Amber is a yellow Labrador Retriever. She was a year old in March. We weighed her at the vet’s office last month and she weighed 93 lbs. We HOPE this is it for growth, but we’ve been told she won’t be fully grown – physically OR mentally – for another 11 months.
We’ve accomplished a lot since we first brought her home last May, at 16 lbs and 10 weeks old. To say that everything has changed in our lives is one of the biggest understatements ever. It’s a good thing we got started when we did. We’re definitely getting a bit long-in-the-tooth to tackle trying to train a ‘puppy’ this size.
Amber is still a dog of ‘very little brain,’ but she’s very smart in dog years. We’re in a contest as to who is training whom. She is infinitely creative, coming up with something else to try our patience each time we let our guards down. Two days ago she started playing in her water bowl again. It’s on the tile, but it’s aggravating to go for a refill on our coffee and have to stop and sop up the ‘lake’ before going further. We’ve tried changing water bowls, only putting a little bit of water in it, watching her like a hawk and trying to ‘warn’ her with the zapper that goes with her shock collar, etc., but nothing is working well yet.
She has taught us that unless we want everything outside to end up in the front yard completely destroyed, we must take her out, walking with her and monitoring her closely, and then bringing her in. She loves being outside, but has finally taught us that, for the foreseeable future, she can’t be trusted to simply be let out.
We have taught HER –
- HURRY UP
- WALKING WITH US ON A LEASH
- ETIQUETTE OF RIDING IN THE CAR WITH US
All of this is forgotten in a flash if anyone comes to the house, of course.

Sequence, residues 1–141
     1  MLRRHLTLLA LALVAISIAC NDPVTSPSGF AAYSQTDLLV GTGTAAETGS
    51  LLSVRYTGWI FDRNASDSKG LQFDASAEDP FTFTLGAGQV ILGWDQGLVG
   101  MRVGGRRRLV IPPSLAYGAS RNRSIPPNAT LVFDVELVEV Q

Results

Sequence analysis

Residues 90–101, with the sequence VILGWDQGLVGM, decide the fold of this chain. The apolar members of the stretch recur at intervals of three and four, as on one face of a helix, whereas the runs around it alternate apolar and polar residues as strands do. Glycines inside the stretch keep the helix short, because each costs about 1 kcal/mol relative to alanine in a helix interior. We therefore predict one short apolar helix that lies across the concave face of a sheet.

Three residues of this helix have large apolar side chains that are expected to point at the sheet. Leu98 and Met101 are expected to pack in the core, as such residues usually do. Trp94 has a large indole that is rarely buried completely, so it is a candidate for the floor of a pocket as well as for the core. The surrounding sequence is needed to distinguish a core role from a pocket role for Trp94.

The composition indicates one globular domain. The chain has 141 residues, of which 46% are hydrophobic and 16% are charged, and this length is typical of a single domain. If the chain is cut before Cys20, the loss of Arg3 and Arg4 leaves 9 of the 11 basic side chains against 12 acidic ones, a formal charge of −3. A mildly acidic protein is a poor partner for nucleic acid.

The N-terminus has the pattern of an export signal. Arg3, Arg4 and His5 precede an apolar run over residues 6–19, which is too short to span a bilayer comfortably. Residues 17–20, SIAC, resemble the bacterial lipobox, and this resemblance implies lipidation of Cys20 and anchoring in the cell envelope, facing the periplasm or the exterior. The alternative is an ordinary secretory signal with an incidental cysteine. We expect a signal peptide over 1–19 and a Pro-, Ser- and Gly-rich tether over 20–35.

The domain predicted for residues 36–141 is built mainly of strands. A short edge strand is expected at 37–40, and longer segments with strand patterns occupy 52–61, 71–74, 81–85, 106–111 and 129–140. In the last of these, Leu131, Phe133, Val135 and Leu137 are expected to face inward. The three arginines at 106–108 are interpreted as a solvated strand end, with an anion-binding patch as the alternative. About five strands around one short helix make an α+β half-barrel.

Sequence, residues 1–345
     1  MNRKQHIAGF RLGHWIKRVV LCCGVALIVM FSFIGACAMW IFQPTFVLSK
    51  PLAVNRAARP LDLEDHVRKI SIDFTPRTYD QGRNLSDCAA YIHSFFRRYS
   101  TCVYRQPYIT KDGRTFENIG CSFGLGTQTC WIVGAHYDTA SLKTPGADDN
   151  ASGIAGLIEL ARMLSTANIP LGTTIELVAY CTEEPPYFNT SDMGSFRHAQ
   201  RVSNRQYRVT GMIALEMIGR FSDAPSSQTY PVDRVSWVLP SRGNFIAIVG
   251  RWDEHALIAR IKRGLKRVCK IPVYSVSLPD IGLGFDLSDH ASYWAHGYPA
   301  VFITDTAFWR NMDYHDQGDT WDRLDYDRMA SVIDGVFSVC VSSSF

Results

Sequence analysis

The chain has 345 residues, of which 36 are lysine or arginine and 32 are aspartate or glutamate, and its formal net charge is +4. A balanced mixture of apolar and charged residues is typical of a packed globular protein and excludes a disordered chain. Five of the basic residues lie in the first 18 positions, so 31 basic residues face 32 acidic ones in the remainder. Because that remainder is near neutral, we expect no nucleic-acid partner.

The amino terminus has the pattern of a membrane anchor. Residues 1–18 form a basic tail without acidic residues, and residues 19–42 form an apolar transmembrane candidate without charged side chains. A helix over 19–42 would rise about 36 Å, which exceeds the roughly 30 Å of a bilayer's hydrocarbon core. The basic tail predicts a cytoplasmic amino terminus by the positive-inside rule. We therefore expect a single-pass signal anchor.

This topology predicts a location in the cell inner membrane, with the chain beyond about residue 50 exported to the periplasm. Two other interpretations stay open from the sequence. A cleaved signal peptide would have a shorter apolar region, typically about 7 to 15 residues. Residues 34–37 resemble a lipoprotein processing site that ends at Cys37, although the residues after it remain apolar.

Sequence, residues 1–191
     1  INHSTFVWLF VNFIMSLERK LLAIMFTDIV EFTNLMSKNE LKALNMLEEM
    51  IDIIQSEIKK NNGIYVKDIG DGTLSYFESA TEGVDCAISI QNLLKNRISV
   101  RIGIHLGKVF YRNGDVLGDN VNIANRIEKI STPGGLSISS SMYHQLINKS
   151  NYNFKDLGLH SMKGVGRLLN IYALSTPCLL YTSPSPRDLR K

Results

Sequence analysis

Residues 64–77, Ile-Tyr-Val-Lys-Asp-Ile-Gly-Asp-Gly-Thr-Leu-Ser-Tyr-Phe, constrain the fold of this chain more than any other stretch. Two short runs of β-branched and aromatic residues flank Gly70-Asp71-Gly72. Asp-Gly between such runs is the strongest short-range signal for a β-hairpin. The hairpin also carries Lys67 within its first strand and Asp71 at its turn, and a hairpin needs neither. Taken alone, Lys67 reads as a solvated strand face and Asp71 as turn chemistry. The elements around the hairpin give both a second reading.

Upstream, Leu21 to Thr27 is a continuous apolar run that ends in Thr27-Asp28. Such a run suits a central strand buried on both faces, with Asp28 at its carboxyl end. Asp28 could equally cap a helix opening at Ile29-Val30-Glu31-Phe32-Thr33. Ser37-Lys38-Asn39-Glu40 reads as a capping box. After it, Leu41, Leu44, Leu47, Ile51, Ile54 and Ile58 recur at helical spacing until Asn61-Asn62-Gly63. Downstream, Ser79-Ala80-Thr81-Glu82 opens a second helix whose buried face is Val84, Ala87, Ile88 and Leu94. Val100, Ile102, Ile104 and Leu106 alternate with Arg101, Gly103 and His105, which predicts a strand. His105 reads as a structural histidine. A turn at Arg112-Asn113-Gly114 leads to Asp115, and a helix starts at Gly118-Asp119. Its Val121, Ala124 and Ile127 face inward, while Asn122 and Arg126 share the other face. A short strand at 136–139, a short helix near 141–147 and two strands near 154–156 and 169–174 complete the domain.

She has taught US –
- To take her out when she uses her nose to flip our arms up when we’re at the keyboard. If we’re slow to do her bidding, she now sticks her nose firmly in our arm pit, trying to flip us up from THAT angle…
She still thinks she’s a lap dog, insisting on getting up in my husband’s lap when he’s in his recliner for a good hug each night. She has taught me that if she looks at me with a gleam in her eye while in my husband’s lap, I’d better leap up immediately and prepare to be boarded on the couch and hugged. If I don’t react, she threatens to leap from my husband’s chair to mine.
Happily, she and Molly, our elderly cocker spaniel/schnauzer cross, get along fine now. We monitor things and give Molly a break when Amber gets TOO exuberant, but they play together and will lie on the same dog bed together now. Amber understands that Molly actually gets to eat twice a day, just as she does, and that bulling her way to Molly’s dish is not acceptable.
Much of our lives revolve around Amber’s needs. Acting like a bull in a china shop does get people to pay attention…..